For instance, in their contribution to Climate Justice Central, Susan Nakacwa and Faith Lumonya, argue that, “the missing link in ongoing climate actions is the nonrecognition that climate change is a social issue. Climate action must be linked to the social justice struggle and center those who consistently remains (sic) invisible in the world.”

An intersectional approach, developed and popularised by black feminists, provides a cutting-edge tool for analysing – in the words of Susan Nakacwa and Faith Lumonya, “the lived experiences of indigenous African women and other minoritised communities in the analysis of the causes and effects of climate change. It recognises that climate change disproportionately affects these marginalised groups which already face other forms of discrimination based on their gender, socioeconomic class, race, ethnicity, nationality, ability, sexual orientation, and age”.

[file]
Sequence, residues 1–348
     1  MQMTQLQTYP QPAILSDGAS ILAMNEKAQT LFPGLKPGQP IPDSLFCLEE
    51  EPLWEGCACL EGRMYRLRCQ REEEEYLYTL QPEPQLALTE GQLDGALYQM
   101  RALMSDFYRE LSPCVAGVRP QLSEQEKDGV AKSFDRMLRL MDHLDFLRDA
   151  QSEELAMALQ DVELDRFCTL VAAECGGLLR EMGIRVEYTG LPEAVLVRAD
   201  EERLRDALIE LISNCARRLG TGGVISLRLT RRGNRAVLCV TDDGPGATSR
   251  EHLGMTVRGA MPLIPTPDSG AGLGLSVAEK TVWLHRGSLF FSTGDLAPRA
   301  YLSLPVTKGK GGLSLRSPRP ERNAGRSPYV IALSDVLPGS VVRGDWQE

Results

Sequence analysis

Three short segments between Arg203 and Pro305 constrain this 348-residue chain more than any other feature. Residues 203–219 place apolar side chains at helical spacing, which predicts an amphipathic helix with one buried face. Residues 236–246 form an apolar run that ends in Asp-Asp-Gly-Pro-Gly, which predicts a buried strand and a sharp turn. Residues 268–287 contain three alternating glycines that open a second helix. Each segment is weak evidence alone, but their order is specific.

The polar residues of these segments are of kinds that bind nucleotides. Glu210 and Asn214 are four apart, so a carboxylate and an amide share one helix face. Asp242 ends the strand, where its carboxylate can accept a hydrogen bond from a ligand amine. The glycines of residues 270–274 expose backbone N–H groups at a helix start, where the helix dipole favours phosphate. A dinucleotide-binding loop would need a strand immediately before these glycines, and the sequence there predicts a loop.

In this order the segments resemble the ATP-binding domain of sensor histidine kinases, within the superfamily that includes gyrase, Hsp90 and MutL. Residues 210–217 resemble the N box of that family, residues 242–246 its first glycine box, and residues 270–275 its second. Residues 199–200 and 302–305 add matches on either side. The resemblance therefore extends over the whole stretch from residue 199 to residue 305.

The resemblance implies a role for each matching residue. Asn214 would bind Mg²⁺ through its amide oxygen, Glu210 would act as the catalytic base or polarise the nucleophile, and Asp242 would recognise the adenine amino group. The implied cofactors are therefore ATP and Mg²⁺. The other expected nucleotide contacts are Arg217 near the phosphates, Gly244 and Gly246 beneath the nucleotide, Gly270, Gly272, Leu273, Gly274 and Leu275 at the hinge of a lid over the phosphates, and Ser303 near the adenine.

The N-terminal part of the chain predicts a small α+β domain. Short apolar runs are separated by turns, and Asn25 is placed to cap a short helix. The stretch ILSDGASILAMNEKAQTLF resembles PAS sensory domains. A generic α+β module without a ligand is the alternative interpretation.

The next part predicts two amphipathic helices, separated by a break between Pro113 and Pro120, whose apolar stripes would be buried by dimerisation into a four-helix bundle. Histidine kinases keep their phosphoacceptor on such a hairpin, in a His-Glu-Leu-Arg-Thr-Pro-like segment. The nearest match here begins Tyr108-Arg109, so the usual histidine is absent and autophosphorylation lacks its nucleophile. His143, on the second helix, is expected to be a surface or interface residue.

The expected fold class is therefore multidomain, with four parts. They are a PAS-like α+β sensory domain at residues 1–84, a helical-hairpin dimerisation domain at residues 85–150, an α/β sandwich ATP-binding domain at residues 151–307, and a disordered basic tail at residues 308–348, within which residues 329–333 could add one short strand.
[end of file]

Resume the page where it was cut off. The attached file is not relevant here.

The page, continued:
Notably, Namibia has made significant strides in protecting the socio-cultural and economic fabric of indigenous groups such as the San and Ovahimba, by infusing specific redemptive provisions to this end in the constitution and establishing government departments that are expected to formulate and implement programmes aimed at the empowerment of these groups.

This is important, since as researchers Ben Begbie-Clench and Noelia Gravotta (2020) observe, the San and other indigenous groups in Namibia “continue to face extreme marginalisation, and have lower overall indicators than other Namibian ethnic groups in many areas, including economic development, educational attainment and political representation.”